Reader Requested – Good Deal or Not?


A reader writes the following about the house for sale at 1208 Fairmont Street, NW:

“It’s at a great location and I think a good price, but it’s been on the market for so long there must be something wrong. It looks like a deal fell through and I’m wondering if that happened after the potential buyer had it inspected. The lack of photos also bothers me.”

The flier says:


You can find more info and some photos here.

The asking price is $550,000. Seems like a great deal for a 4 level rowhome in Columbia Heights. Any ideas why it hasn’t been snatched up yet? My guess is that it probably has something to do with “Third party approval”. Do you think $550,000 is a reasonable price?

13 Comment

  • “Subject to 3rd Party Approval” means it’s a short sale and the bank must approve the offer. These are complicated and can take a long time, often with little information about status (including whether there are other offers being considered). This won’t work for most people unless you really don’t care how long it takes or even if you get it.

    “Great Investment Opportunity” means it needs work. There is very little information in the listing about condition, etc… has anyone seen it?

    12th and Fairmont is better than it was, but it’s still a fairly troubled area with lots of drug and gang activity. “QUIET NEIGHBORHOOD” … LOL!! Excepting the gunfire, I suppose so..

  • On the topic of complications:

    We recently purchased a Short Sale in Brightwood. We love the house and I think we got a great deal.. financially. However, emotionally, it was a long, drawn out, roller coaster of doom. It took 3 weeks to just get a “yes we’ll enter into a contract with you” back from the bank (which is SHORT, another one we had an offer in on got back to us after 2 months). Then, the day of closing kept getting pushed back 1 day every day for over a week due to complications on one end or another.

    They almost didn’t sell us the house just because it went past some arbitrary deadline that one of the bank’s departments had set up –when another one of the bank’s departments was holding up the transaction!!

    Needless to say, it was very frustrating and stressful, although ultimately worth it. That being said, I would intentionally enter into a contract for a short sale EVER again.

  • Might it not also mean that the place has current renters? DC rental laws allow renters the right of first refusal, I think with 6 months to decide whether to match an offer. Can you imagine trying to sell your place with that hanging over your head? Landlords, be kind to your renters! A little goodwill might go a long way later. (BTW I’m not a real estate lawyer nor do I have renters, so if you are a renter or a landlord involved in a home sale go get some actual information and don’t rely on ignorant comments you read once on the interweb.)

  • I’m still stuck on the original asking price of $825k!!

  • Given the address, the renters may not also all together savory.. if there are troublesome tenants in it – that could indeed also be your explanation on why its not selling.

  • agreed on the short sale hell. No way. I entered into a short sale contract, and the bank said it would have an answer within 60 days. My ass. The thing went on for 4 months. Eventually the deal fell through. The house was vacated due to the pending sale and while I was waiting for the bank, people broke into the garage and started sleeping (and by the smell) using it as a toilet. I hate short sales and thats reason enough to walk away from this house.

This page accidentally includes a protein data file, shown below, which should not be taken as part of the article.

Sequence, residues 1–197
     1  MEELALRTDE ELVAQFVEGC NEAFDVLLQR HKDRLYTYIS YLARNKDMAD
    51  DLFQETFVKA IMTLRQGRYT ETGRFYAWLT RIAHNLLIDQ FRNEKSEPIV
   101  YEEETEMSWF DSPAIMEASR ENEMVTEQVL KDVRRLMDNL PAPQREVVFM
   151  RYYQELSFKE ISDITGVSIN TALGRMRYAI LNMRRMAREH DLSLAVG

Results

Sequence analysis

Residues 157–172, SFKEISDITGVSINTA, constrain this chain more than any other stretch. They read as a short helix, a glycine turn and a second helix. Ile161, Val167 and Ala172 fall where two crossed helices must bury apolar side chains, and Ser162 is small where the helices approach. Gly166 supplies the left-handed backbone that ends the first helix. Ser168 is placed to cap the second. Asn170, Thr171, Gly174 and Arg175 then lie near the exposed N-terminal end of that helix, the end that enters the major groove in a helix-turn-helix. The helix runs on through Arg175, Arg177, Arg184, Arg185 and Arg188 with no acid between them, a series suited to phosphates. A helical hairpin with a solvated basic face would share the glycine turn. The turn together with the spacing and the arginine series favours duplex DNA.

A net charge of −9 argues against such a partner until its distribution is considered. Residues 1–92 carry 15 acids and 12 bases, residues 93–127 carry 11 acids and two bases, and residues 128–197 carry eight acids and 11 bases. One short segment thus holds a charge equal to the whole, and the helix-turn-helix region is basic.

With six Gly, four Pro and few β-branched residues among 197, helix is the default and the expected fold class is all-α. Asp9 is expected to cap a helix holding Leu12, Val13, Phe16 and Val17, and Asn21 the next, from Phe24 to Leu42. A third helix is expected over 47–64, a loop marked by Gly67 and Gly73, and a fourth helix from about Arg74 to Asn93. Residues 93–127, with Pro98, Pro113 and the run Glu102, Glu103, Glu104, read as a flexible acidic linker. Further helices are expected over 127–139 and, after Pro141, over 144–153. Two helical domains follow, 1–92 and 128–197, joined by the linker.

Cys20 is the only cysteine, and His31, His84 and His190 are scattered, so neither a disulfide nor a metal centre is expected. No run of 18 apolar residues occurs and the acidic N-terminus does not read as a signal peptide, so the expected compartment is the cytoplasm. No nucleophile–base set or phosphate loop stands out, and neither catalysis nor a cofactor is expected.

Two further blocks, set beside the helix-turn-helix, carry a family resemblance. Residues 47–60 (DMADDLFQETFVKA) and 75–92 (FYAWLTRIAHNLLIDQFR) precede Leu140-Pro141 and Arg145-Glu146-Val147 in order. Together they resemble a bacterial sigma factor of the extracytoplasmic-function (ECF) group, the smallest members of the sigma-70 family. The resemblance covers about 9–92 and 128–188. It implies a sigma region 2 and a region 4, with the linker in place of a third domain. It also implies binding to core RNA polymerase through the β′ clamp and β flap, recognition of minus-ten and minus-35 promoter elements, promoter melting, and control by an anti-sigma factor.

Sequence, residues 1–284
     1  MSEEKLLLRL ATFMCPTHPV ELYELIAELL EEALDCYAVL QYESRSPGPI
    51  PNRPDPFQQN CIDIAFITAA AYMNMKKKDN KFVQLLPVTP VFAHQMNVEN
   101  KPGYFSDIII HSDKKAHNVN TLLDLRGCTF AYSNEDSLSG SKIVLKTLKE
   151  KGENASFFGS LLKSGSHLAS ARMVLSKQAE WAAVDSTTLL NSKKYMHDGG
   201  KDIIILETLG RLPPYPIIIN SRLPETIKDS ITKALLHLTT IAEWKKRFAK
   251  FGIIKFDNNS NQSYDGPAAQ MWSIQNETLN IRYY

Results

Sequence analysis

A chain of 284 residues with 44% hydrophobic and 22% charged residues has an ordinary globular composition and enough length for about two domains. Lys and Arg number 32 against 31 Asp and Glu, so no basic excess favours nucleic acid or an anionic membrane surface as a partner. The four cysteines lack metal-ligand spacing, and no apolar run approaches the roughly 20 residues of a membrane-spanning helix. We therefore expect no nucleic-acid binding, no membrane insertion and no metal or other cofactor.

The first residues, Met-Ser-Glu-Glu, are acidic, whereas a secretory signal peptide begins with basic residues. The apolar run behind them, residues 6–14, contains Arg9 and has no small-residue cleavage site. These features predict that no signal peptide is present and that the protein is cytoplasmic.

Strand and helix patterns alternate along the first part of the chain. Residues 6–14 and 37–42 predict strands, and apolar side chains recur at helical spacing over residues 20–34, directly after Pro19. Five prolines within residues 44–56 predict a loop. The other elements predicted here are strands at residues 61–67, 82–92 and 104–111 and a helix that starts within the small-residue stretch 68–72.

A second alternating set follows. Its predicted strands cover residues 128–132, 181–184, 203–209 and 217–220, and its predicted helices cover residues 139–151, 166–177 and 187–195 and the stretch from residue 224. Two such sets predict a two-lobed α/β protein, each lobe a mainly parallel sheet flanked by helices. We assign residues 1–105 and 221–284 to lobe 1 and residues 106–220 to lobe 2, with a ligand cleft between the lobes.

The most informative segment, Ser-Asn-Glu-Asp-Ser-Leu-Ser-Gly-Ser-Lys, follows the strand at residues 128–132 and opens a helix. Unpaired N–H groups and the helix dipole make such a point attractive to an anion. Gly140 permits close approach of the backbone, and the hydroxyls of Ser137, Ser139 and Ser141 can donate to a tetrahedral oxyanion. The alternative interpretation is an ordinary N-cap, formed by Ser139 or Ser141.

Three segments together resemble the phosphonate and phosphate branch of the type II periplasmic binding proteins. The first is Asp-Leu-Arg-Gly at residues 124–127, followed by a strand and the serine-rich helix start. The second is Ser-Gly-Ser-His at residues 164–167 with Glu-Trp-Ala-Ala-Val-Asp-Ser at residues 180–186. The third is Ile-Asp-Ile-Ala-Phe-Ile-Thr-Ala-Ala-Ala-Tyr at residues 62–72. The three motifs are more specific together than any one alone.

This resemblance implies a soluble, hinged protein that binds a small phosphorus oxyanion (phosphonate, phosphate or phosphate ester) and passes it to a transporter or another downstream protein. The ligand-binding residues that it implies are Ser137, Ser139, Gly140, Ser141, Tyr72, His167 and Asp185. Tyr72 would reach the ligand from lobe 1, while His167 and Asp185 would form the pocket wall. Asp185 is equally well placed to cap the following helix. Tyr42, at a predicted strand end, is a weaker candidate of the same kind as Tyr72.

• no tenants. house is vacant. we looked at it back in April. I took plenty of pictures: it was a short sale. we were told the seller would take pretty much anything but the bank wouldn’t accept an offer below 420K… if my memory serves me correctly. needs an assload of work. if anyone goes to see it… please let me know if the dead cardinal is still around.

  • Great pics. Looks like the house has awesome bones but needs a LOT of work. Do you remember what the deal with the kitchens is? Is there no kitchen on the first floor -e.g. it was set up as 2 units, kitchens basement and 2nd floor?

    It will be hard to get a conventional loan in that sort of condition, it’s probably not considered habitable. But if you got it for 420 (or even 500) no question it would pay off in spades a few years down the road, especially if you did some of the work yourself.

  • The kitchens WERE in the back room on the 1st and 2nd floor. and were completely removed. The third (top) floor is a half floor that looks like it would have been a 3rd bedroom for the 2nd floor unit. The basement is a completely separate unit that should be a 1br, but it looks like they were in the process of adding a 2nd.

  • Looks like a amateur flipper got in over their head and couldn’t produce. They gutted the kitchen then just stopped.

    There was house on my block like this and no one wanted it because there was no working kitchen or bath – generally was a huge mess. That limits the buyer pool to those with a huge wad of cash and no need to actually live in the place. Pretty much the market for this.

    My guess is that a likely buyer will be one who turns it into a multi-unit condo and sells the units for $420,000 a piece.

  • The buyer pool is limited to investors and people who are willing to go through the rehab loan process. Getting a rehab loan isn’t easy, and it will be even more complicated with a short sale.

  • It’s an unequivocably good deal. I am sure you could put a kitchen and bathroom in for $150k. The question is, can you finance it? The price is good though.

  • Hahahaha ‘Prestigious Columbia Heights.’

    The only way CH is prestigious is in comparison to Trinidad or Anacostia.

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